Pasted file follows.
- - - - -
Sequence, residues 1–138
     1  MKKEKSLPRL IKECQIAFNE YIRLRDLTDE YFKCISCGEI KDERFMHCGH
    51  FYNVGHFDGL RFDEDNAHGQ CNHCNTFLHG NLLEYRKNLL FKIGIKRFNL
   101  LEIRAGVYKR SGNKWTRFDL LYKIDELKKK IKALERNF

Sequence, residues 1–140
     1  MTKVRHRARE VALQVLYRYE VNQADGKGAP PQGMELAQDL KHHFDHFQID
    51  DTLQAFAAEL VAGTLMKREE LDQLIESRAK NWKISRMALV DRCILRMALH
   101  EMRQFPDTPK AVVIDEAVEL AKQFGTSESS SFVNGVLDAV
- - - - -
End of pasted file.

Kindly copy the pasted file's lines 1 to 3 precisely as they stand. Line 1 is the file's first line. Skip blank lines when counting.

Sequence, residues 1–138
     1  MKKEKSLPRL IKECQIAFNE YIRLRDLTDE YFKCISCGEI KDERFMHCGH
    51  FYNVGHFDGL RFDEDNAHGQ CNHCNTFLHG NLLEYRKNLL FKIGIKRFNL